Walk is no longer just a pleasure word for dogs. For many, it’s become a life-saver. With more than 50% of South African pets overweight or obese, regular exercise has never been more important. Walking is one of the best ways to shed weight.
Just as important as getting out there and walking is how you walk your dog. Few dogs (or dog walkers) walk fast enough to generate elevated heart rates. You need an elevated heart rate to burn excess calories.
Walk this way
One of the first things you need to do is check that your leash/harness is properly fitted. An ill-fitting lead, collar or harness can impede a dog’s progress and may even injure him. Collars and choke chains can place pressure on the trachea and are not the restraint of choice. Head collars/halters can improve control of the dog without impinging on the windpipe. Harnesses can be used but be aware that the design of some harnesses can restrict shoulder range of motion.
Ask at EberVet Vetshops for assistance in fitting your dog’s harness. All EberVet Vetshops look forward to welcoming your pets into our stores and being fitted on the premises means you have the best chance of choosing the right size. Leashes should be shorter as opposed to longer, for improved control.
In overweight dogs that have no underlying medical condition, aim for 30 minutes of walking 5 x a week. In the first two weeks this could comprise 10 minutes at a brisk pace followed by 20 minutes much slower. Week 3 and 4 split the walk into 15 minutes brisk and 15 minutes relaxed, and so on. Once the dog (and owner) can walk briskly for 30 minutes, they may choose to increase the time spent on this exercise. After 30 minutes of brisk walking, allow the dog to meander and sniff. Walking should be fun for your dog, not a dreaded chore!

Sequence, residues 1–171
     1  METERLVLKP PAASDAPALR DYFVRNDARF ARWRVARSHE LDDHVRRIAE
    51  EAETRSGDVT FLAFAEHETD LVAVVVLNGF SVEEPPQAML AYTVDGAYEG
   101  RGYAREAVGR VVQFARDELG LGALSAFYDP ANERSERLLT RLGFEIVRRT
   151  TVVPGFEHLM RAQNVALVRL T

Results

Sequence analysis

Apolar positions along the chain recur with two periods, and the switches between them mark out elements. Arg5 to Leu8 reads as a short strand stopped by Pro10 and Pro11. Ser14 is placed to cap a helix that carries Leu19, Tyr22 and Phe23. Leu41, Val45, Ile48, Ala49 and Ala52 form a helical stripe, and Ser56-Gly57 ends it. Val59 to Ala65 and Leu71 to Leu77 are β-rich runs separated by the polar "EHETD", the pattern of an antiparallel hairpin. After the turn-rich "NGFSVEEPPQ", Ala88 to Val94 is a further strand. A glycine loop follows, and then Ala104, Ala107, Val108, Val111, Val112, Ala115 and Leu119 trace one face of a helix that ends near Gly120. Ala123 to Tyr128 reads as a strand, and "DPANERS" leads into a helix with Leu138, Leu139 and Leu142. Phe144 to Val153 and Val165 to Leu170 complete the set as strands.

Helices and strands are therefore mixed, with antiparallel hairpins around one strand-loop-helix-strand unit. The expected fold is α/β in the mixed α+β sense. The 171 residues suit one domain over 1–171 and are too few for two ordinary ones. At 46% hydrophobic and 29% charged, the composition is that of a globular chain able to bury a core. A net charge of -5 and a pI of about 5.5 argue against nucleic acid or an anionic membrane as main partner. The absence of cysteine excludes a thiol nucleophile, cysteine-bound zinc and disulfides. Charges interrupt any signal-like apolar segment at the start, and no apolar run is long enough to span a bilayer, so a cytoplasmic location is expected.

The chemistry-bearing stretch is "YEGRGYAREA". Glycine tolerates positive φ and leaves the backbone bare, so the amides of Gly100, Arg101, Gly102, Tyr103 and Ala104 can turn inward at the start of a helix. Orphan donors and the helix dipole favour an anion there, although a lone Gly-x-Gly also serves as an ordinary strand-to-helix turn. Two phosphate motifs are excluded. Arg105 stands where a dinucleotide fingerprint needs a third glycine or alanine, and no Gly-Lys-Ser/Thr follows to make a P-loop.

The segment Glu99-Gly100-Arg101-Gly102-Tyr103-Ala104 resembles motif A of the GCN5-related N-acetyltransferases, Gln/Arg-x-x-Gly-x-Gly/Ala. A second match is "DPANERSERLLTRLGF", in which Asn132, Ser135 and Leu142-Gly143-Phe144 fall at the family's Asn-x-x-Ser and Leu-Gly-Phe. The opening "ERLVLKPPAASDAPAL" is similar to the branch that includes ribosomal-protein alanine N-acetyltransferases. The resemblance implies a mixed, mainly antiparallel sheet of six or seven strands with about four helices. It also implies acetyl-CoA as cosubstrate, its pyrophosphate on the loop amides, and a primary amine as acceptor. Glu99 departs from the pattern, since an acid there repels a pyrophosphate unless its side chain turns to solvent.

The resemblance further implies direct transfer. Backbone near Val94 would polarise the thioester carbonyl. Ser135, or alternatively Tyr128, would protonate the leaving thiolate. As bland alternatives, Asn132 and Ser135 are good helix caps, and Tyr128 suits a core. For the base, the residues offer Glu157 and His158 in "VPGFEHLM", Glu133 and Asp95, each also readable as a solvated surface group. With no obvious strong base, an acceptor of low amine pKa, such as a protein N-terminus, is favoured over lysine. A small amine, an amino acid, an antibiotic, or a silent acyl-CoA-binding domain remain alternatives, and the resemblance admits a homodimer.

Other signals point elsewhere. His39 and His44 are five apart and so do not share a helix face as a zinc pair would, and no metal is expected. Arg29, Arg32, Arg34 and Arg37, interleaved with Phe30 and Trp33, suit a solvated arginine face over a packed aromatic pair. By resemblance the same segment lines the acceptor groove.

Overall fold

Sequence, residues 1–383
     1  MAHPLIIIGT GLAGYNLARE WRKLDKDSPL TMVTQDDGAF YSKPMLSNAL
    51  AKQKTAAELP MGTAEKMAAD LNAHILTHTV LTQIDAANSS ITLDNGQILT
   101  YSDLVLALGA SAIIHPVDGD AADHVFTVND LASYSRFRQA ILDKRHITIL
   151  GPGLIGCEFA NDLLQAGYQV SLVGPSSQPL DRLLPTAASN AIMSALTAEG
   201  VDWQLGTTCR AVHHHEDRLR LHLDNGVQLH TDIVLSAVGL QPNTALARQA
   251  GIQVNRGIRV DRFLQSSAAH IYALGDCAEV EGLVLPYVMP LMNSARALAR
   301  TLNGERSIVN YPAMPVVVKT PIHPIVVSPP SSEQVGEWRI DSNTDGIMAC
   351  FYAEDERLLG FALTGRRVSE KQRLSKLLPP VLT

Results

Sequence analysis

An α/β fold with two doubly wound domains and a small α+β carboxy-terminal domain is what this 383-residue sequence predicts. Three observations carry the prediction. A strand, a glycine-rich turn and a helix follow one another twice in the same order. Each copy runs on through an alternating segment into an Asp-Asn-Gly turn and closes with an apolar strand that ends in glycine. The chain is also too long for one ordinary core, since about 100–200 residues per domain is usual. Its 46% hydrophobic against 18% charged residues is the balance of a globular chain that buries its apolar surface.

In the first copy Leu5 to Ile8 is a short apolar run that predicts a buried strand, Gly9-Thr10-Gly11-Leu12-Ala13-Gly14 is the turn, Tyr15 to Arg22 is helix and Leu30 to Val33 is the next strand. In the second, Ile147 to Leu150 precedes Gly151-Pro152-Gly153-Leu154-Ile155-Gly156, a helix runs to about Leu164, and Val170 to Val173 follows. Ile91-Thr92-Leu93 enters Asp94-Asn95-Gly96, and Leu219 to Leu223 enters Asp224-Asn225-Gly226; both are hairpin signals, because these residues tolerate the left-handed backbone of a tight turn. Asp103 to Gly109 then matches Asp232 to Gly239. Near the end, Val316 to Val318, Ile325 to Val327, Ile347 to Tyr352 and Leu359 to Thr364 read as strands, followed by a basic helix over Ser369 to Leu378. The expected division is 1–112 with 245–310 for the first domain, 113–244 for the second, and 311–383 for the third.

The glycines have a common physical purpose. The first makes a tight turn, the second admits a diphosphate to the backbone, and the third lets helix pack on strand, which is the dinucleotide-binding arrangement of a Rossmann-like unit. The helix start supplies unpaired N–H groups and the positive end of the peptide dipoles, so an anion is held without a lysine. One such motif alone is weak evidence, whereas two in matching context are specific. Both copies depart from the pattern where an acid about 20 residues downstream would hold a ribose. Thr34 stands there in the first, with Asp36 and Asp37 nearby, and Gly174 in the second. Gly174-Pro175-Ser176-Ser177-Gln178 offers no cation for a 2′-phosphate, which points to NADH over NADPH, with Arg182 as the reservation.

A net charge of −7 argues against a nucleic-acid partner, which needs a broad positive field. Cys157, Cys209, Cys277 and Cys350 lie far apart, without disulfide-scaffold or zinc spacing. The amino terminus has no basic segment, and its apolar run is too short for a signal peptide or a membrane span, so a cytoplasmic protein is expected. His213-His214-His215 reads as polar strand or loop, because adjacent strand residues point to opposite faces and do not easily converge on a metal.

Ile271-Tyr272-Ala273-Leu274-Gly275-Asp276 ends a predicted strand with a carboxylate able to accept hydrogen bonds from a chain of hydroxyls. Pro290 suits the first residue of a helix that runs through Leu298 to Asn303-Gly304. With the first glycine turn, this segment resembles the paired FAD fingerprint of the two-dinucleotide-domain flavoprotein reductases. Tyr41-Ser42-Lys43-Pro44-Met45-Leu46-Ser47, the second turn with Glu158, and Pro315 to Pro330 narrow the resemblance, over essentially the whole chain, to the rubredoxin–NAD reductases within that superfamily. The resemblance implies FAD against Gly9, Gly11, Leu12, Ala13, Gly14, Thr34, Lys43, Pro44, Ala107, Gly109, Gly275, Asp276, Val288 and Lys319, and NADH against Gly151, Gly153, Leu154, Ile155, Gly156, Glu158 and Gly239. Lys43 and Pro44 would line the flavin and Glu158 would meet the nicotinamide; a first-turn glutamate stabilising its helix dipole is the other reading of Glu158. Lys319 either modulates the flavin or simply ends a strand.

Walk and swim
Our climate lends itself to swimming our canine companions. Swimming is an intense cardiovascular exercise and can form an integral part of any exercise and weight loss programme. Aim for 30 minutes of swimming with appropriate rests between lengths. It may be easier to count the number of lengths as opposed to timing a session.
Again, as with walking, it is important to gradually increase the amount of exercise. There may also be an introductory period where the dog needs to mentally adjust to the pool. It is advisable to have a step or platform available on which the dog can rest as jumping in and out of the water can create extra stress on joints. So-called oat coats (or life jackets) are available for those breeds that are not inherently strong swimmers.
Chasing balls or toys in the water can replace chasing in the garden and as such, also limit the risk of injury especially to cranial cruciate ligaments.
Obesity is a killer. It leads to a range of diseases like diabetes and heart disease https://www.ebervet.com/know-overweight-pets/ Physical exercise should be thought of as ‘fun with a purpose’. Introducing an exercise programme like walking or swimming may be exactly what the doctor ordered to motivate you, the pet owner, and shift the dog’s extra weight – article by Tanya Grantham, VetNews June 2018